Taxation, Las Vegas Style

Las Vegas is already charging resort fees, just another name for a tax. What if we charged a few other taxes that most visitors would not notice, asks Ira David Sternberg?

Taxation, Las Vegas Style

Yes, this will be a taxing column, so bear with me. It’s time to talk about one of the two things that are certain in life (the other not being that thrilling, either). Taxes are everywhere, and people in Las Vegas are no different than taxpayers across the country. And, Las Vegas already levies live entertainment, food and beverage taxes… plus a ding on your hotel stay as well.

Las Vegas is unique, so there might be additional taxes for locals and visitors that our creative people could generate. Are these coming down the pike… or up the Strip?

—Most people know about the history of the onerous poll tax. With a slight change of spelling, we could see a pole tax at gentlemens’ clubs throughout Las Vegas.

—The opposite of the poll tax is the pull tax. Perfect for Las Vegas. While only a few slot machines with handles still exist, there could be a tax whenever you pull the handle. And for modern slot machines with buttons, a push tax, of course.

—Cirque tax: If you decide to skip any of the ubiquitous Cirque du Soleil shows on the Las Vegas Strip, you would still have to pay a Cirque tax. You won’t be able to escape it. Unless you’re an acrobat.

—Elvis tax: This revenue idea would be a classic. Whether you want to dress up as Elvis, perform as Elvis, or simply want to see an Elvis, there would be a tax. Don’t be all shook up!

—Reverse tax: A unique concept, since many people don’t succeed at slots, blackjack or craps. Instead, you would get taxed on your losses. In other words, double craps.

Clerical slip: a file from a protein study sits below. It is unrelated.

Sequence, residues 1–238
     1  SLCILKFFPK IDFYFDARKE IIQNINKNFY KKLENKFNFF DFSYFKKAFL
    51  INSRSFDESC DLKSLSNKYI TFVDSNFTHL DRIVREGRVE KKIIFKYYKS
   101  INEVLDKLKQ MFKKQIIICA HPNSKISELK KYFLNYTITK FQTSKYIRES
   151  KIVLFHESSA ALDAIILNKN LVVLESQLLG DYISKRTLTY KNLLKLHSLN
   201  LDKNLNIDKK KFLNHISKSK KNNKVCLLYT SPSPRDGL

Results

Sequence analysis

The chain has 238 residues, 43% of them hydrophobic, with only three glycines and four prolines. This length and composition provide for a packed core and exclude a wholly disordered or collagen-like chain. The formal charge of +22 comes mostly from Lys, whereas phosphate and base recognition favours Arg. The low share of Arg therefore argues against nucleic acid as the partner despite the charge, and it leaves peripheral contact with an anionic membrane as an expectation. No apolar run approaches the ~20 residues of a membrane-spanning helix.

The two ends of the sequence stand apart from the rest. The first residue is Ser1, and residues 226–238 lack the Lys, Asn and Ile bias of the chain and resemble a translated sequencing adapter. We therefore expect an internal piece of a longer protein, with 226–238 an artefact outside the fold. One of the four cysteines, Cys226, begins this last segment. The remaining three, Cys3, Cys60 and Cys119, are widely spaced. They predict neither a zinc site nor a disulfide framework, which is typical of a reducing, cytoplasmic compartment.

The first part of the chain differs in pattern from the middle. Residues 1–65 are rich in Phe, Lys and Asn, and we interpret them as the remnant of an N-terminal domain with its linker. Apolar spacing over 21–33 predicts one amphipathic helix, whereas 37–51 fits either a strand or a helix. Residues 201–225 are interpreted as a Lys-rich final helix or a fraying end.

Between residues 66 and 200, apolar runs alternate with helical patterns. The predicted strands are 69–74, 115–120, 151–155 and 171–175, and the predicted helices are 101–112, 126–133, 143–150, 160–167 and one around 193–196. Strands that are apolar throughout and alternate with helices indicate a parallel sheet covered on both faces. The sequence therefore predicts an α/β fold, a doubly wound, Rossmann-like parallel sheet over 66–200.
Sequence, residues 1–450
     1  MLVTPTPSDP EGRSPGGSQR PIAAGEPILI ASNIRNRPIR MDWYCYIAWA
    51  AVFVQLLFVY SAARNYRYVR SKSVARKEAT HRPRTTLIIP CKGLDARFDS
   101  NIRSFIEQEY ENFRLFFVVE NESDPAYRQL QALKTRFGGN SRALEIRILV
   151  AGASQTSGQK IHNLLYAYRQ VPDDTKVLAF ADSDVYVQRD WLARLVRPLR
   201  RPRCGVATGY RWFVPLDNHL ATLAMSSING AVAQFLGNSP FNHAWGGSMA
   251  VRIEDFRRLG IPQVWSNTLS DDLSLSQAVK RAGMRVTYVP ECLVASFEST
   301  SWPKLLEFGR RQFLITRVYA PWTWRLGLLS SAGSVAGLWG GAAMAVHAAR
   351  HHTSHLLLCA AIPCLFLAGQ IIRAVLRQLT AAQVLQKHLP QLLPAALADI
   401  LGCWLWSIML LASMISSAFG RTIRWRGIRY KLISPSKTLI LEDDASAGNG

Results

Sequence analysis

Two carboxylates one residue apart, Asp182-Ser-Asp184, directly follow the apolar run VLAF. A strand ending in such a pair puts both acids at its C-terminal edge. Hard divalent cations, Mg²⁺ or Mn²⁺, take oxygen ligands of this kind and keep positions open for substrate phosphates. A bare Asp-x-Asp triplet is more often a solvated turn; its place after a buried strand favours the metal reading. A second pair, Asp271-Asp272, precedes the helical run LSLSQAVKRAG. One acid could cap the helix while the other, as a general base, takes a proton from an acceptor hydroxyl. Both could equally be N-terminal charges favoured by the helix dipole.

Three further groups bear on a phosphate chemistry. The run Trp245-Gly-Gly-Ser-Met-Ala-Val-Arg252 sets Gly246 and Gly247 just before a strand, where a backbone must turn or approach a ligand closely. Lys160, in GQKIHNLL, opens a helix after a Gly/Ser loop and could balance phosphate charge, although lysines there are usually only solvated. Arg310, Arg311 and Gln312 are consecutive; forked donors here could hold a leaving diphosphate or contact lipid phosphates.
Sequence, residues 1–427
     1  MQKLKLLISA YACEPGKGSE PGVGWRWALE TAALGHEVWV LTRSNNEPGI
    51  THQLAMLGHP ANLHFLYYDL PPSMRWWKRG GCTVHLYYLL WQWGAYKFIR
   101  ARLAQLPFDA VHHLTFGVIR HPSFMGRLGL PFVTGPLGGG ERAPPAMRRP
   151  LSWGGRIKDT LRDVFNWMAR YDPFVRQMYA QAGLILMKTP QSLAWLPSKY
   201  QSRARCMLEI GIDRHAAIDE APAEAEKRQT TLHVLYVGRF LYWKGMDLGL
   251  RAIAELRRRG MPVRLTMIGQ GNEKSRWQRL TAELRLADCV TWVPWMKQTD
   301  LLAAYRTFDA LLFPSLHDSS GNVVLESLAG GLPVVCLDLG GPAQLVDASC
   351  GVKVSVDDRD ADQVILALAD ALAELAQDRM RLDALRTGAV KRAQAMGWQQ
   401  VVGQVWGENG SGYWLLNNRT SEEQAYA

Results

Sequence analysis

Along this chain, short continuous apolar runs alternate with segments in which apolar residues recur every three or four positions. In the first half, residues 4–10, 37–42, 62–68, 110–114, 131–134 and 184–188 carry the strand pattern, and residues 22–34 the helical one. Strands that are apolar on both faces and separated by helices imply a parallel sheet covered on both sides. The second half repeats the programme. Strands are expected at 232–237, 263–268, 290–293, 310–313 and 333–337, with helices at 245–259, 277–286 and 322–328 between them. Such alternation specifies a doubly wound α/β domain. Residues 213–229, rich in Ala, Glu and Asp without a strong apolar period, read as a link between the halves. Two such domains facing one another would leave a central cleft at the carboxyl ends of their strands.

—Shrimp Cocktail tax:  Shrimp cocktails (the kind that used to be 99 cents) are not as readily available as they used to be, so this would be considered a rarity tax. But not a jumbo one.

—Residency tax. Not a tax on where you’re staying in Las Vegas, but a tax for watching any performer who has a residency on the Strip. And double the money when the performer is taxed as well!

—Room With a View tax. Typically, rooms with a view are more expensive in hotels. So why not tax guests for the privilege as well? To be fair, the tax would be prorated, based on how clean the windows are.

So far, these taxes have not been proposed for the Entertainment Capital of the world.  But always keep in mind the words of the late President George H.W. Bush, who possibly said, “Read my lips: No new taxes for Las Vegas!”

Articles by Author: Ira David Sternberg

Ira David Sternberg is host of “Talk About Las Vegas With Ira,” a weekly podcast that features engaging conversations with celebrities, entertainers, writers, and personalities. He is a veteran casino publicist with executive experience at the Tropicana and Las Vegas Hilton, as well as a writer and broadcaster. Listen to Ira’s weekly shows at He can be reached at